The solution is extremely stable. There are no issues with bugs or glitches. It doesn't crash or fail. It's reliable.

What do I think about the scalability of the solution?

We work with all sizes of businesses from Fortune 100 insurance companies to small colleges and universities. We have all sorts of customers.

The scaling potential of the solution is huge. This is an enterprise solution compared to some of the smaller options. It also scales down when you do less than 100 terabytes. It has very favorable pricing. It's competitive with other products.

How are customer service and technical support?

Technical support is not as good as it could be. It's not as good as some of the competitors. IBM has put more resources into it recently. However, they had a stage about two years ago where they kind-of stopped spending as much money on Protect due to the fact that they had so many other IBM products. 

Overall, I'd rate their technical services at seven out of ten. It's not too bad, however, it could be better. They are quite responsive. Now that IBM is more focused on improving the product it may improve as well.

Which solution did I use previously and why did I switch?

I have some experience with Veeam as well. I really like it compared to Veeam. You don't have to have media servers. It's nice compared to Veeam that ­clients don't have to do a media server.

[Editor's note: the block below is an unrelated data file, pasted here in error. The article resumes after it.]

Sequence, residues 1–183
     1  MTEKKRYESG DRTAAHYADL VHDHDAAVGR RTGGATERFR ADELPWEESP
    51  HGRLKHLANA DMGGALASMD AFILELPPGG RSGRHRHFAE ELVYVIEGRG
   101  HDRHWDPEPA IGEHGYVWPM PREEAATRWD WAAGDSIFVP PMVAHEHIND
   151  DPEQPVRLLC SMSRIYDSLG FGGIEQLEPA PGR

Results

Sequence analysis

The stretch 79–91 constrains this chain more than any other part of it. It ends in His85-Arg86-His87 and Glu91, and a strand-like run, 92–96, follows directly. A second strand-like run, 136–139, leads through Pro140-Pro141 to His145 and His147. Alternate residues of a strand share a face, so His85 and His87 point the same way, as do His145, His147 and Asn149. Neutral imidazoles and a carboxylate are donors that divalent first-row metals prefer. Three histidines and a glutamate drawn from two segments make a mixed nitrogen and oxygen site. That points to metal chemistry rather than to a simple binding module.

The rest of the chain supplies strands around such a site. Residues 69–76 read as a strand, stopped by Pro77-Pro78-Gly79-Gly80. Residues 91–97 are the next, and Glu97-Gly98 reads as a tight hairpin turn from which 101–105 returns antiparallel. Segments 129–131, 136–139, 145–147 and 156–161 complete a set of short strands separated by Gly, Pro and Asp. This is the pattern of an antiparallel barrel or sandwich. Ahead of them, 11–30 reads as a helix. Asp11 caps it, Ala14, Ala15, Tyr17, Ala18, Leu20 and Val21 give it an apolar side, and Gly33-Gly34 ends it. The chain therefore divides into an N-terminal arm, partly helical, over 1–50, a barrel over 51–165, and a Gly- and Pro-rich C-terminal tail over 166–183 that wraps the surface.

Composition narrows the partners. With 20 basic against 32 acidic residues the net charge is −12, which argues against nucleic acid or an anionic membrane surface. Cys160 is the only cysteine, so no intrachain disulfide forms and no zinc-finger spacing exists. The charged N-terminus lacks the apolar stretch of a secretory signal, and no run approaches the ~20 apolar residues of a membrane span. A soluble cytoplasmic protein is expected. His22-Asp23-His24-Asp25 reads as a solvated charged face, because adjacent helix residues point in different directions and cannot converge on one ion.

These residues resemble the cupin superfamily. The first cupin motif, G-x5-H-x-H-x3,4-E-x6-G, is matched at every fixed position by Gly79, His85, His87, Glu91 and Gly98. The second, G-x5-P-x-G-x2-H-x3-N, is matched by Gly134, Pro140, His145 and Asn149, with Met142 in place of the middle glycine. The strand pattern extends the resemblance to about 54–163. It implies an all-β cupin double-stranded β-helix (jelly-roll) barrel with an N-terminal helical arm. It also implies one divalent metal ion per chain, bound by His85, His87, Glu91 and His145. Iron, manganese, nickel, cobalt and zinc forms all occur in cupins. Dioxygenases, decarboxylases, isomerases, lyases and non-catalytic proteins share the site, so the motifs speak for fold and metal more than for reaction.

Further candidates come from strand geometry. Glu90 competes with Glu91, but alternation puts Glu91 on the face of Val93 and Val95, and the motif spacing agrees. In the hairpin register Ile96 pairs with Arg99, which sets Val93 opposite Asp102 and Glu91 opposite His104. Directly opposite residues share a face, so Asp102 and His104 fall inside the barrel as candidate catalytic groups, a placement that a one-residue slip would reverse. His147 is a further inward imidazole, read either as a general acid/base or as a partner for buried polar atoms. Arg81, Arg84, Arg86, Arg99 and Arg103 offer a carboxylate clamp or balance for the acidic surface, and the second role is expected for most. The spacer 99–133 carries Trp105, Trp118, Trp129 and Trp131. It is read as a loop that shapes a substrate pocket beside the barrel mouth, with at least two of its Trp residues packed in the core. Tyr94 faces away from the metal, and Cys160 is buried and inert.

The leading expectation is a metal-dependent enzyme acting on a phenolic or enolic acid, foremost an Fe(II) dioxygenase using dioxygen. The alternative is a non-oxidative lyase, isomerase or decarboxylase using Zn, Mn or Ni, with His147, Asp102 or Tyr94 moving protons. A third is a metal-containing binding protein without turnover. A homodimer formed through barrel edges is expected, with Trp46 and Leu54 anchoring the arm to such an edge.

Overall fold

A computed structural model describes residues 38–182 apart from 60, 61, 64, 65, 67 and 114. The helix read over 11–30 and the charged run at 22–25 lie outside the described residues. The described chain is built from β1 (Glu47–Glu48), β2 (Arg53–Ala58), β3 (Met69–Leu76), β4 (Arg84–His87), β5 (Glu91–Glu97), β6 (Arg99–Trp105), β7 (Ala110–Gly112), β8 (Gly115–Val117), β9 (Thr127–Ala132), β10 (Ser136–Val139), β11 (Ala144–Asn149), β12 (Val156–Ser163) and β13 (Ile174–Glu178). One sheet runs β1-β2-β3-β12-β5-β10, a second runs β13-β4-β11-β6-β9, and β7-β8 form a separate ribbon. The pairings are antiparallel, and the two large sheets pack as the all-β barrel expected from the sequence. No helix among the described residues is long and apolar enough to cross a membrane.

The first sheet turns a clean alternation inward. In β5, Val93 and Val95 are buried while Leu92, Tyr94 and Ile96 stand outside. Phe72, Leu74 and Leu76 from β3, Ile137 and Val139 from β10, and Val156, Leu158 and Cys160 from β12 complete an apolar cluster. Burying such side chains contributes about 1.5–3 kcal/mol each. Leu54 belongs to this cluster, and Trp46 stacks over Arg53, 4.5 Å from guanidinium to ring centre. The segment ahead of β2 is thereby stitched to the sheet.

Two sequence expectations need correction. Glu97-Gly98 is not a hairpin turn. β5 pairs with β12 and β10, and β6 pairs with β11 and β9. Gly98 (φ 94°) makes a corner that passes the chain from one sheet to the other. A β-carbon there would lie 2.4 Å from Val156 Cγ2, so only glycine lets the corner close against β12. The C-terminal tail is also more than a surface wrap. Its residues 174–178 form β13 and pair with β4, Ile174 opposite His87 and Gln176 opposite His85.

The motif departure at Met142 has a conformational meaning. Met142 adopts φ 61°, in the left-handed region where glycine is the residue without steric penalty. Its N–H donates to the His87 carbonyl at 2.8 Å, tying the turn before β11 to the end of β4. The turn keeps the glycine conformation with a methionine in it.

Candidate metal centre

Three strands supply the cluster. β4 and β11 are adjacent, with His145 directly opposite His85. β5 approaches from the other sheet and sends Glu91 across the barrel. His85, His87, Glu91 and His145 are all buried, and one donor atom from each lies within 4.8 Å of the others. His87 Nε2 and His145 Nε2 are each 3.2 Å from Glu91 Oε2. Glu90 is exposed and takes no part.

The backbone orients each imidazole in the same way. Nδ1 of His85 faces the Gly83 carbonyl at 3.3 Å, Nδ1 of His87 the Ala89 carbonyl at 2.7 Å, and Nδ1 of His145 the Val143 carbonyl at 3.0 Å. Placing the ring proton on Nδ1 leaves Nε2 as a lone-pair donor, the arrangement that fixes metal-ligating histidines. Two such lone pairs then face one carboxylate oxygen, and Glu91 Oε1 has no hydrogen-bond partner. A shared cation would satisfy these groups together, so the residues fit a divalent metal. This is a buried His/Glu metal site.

We've had customers who have used other solutions, however, they've been weak and not as scalable as IBM.

How was the initial setup?

The initial setup is not complex. It's straightforward. It's easy.

What's my experience with pricing, setup cost, and licensing?

The pricing is quite good and very competitive in the market.

What other advice do I have?

I'm a reseller and a system architect. I'm not really a user. I'm a project manager and architect. However, we have people on our team that use and install it.

We're using the current version of the solution.

I'd advise other companies to not forget tape. With ransomware and everything else, it's hard. People forget tape is cheap. Tape gives you an air-gap, and, if you properly use it, you get a good hybrid solution.

Many people think it's disk only, and that's just for yesterday's restore, however, for a long-term solution, tape is so much more cost-effective.

I'd rate the solution eight out of ten. It's a full-feature product. It's hard to be perfect with full-featured products. There are compromises due to the fact that they do so much.

Which deployment model are you using for this solution?

On-premises
Disclosure: My company has a business relationship with this vendor other than being a customer: Reseller
SP
IT Network Analyst at a manufacturing company with 501-1,000 employees